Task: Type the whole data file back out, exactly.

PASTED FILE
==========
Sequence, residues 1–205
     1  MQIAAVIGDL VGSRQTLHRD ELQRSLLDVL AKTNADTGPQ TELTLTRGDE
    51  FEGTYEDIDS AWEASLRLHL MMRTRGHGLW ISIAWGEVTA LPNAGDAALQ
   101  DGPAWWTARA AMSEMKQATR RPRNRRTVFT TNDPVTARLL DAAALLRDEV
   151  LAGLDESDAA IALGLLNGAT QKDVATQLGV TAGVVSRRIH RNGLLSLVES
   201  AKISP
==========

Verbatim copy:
Sequence, residues 1–205
     1  MQIAAVIGDL VGSRQTLHRD ELQRSLLDVL AKTNADTGPQ TELTLTRGDE
    51  FEGTYEDIDS AWEASLRLHL MMRTRGHGLW ISIAWGEVTA LPNAGDAALQ
   101  DGPAWWTARA AMSEMKQATR RPRNRRTVFT TNDPVTARLL DAAALLRDEV
   151  LAGLDESDAA IALGLLNGAT QKDVATQLGV TAGVVSRRIH RNGLLSLVES
   201  AKISP